This paper presents few examples of the calibration and benchmarking of 3D Finite Element models using a range of geoscientific data. The models simulate the in-situ stress state of the Upper Rhine Graben (URG), which is a continental graben in SW-Germany at the borders to France and Switzerland. The aim of this study is to predict the present-day stress state and kinematic behavior of the graben and to identify the active structures. This requires the model to represent realistic stress magnitudes and orientations as well as realistic strain. A regional, crustal model has been constructed. Its state of stress was calibrated to borehole data. For further analysis of the kinematics of a sub-region of the URG, a fault block model has been constructed. Both models provide data on the present-day 3D stress state, the kinematic behavior of the graben and faults implemented as well as the surface displacement. In addition, the sub-model predicts active fault segments, which have not been identified as being active previously. In order to evaluate these results, information from geology, geomorphology, geodesy, seismicity and paleoseismicity on relative fault block motions and on fault kinematics has been taken into account.


The Upper Rhine Graben (URG) is a 300 km long and 30 - 40 km wide graben in the central part of the European Cenozoic rift system (figure 1). At present, the URG is characterized by relatively slow tectonic deformation and low to moderate intra-plate seismic activity. The URG area is highly faulted. Despite the lack of large earthquakes presently observed, the occurrence of damaging earthquakes in the future cannot be fully excluded and thus the numerous pre-existing faults have to be considered potential sources for future earthquakes. Since the area is intensely populated and industrialized a detailed understanding of the fault reactivation is of great economical and societal importance. The URG is among the best studied grabens worldwide. It has been the target of many seismic and geological investigations, most of which have been carried out for hydrocarbon exploration during the 1960s and 1970s. This work resulted in detailed knowledge on the Tertiary stratigraphy of the graben fill and on intra- graben faulting and enabled reconstruction of the Tertiary evolution of the rift [e.g. 1, 2].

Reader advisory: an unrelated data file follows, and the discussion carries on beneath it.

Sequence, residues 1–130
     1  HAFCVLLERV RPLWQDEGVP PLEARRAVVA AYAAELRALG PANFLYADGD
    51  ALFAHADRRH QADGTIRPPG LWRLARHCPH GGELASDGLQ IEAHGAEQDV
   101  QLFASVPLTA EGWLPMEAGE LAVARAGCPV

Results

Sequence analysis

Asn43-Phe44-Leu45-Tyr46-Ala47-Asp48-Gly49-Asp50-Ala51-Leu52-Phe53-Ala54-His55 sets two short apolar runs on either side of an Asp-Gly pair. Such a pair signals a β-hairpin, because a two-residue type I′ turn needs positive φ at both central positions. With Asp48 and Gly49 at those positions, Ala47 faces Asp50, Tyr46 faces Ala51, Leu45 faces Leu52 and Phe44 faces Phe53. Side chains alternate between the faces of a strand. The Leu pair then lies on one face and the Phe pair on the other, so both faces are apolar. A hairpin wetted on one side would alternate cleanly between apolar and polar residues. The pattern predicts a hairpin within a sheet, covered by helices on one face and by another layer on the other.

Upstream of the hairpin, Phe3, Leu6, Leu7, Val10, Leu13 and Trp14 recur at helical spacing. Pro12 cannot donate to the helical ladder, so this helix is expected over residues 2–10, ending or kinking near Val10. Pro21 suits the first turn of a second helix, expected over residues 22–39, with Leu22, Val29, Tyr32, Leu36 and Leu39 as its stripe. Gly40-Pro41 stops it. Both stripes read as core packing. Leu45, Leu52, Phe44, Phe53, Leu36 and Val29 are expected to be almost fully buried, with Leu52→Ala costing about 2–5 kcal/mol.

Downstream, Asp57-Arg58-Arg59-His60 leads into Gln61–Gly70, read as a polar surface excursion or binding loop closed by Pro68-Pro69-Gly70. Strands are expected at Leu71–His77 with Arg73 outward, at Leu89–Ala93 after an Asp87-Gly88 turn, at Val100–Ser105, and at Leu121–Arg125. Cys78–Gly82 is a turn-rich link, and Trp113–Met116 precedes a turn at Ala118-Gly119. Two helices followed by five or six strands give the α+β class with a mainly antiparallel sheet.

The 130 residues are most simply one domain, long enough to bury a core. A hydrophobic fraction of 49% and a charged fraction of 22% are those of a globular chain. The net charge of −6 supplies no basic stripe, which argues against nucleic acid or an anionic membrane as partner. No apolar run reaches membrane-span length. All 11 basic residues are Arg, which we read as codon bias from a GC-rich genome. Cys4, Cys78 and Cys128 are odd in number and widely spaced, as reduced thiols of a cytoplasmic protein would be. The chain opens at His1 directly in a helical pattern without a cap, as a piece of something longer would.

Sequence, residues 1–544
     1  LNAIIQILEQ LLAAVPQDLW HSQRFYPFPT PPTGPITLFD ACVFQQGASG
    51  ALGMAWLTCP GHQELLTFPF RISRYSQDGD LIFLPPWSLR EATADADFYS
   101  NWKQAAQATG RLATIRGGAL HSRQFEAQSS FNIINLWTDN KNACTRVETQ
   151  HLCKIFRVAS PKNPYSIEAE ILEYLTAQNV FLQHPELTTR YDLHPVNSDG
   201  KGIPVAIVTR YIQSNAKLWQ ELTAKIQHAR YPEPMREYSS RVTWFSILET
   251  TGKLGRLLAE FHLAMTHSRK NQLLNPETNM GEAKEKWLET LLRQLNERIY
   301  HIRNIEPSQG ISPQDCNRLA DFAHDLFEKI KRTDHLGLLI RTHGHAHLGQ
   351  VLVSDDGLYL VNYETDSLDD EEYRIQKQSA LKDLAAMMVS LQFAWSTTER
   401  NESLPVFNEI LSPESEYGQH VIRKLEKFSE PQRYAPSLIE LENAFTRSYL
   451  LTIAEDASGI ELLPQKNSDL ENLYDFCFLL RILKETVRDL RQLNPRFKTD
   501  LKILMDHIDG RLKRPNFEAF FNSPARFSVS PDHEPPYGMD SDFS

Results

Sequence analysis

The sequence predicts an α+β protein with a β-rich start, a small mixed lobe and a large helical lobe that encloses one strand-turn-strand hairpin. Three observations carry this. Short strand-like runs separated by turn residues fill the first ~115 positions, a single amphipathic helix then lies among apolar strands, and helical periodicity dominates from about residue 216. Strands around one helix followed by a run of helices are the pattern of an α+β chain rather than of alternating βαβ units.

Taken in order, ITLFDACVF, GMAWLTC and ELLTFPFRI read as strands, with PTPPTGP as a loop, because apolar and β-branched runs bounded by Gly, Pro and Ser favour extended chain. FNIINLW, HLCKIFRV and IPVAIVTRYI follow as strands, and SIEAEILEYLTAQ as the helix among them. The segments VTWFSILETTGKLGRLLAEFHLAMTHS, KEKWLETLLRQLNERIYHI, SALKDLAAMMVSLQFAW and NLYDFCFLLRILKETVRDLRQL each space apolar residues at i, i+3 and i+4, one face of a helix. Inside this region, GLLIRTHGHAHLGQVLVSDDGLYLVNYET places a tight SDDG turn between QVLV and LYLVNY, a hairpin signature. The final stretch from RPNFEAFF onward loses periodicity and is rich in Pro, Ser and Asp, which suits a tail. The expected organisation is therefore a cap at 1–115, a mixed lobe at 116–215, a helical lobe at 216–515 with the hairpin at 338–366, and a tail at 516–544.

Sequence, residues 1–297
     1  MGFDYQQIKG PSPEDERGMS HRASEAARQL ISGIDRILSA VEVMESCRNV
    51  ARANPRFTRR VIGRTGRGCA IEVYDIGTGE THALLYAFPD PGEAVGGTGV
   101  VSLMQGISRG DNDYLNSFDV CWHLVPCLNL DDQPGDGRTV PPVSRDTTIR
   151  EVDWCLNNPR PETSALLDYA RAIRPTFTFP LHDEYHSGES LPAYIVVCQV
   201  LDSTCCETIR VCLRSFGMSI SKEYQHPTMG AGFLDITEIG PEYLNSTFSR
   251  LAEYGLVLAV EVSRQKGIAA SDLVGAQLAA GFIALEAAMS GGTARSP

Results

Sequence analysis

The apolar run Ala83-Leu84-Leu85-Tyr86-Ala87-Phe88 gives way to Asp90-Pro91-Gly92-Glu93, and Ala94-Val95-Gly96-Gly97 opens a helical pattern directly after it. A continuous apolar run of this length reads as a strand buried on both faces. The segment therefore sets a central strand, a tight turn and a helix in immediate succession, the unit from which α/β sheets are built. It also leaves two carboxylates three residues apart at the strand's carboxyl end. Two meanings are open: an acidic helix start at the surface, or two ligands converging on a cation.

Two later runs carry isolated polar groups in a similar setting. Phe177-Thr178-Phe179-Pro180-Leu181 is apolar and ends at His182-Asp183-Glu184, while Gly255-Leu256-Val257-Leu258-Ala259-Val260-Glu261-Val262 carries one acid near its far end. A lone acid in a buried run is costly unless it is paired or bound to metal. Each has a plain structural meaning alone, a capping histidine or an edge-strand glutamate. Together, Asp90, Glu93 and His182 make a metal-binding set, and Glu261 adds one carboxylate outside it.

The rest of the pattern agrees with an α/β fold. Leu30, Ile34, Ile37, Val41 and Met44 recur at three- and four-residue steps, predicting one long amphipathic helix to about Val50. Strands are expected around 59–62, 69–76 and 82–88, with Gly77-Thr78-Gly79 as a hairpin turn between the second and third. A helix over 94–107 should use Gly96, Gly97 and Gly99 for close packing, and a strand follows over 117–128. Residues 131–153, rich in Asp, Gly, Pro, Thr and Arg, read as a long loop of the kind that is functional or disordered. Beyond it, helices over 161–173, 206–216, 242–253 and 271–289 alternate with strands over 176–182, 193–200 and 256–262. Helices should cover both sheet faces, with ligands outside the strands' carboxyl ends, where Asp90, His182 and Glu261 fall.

Fig. 1. Shaded relief map of the Upper Rhine Graben and surroundings showing the surface topography and the outline of the 300 km long graben structure. The stress orientations in this area are relatively homogenous. Data source: World Stress Map [3].(available in full paper)

The URG is no longer of economical interest for oil and gas, but has been targeted for geothermal energy since the 1990s. A scientific geothermal drilling site is located in the central part of the URG near the town of Soultz- sous-Forêt (figure 1). Several wells have been drilled at this site to depths of 3 to 5 km [4]. For these depths, a large data set of stress orientations, stress magnitudes and rheological parameters is available, which is a very valuable dataset to be used for calibration of the Finite Element (FE) model of this study.

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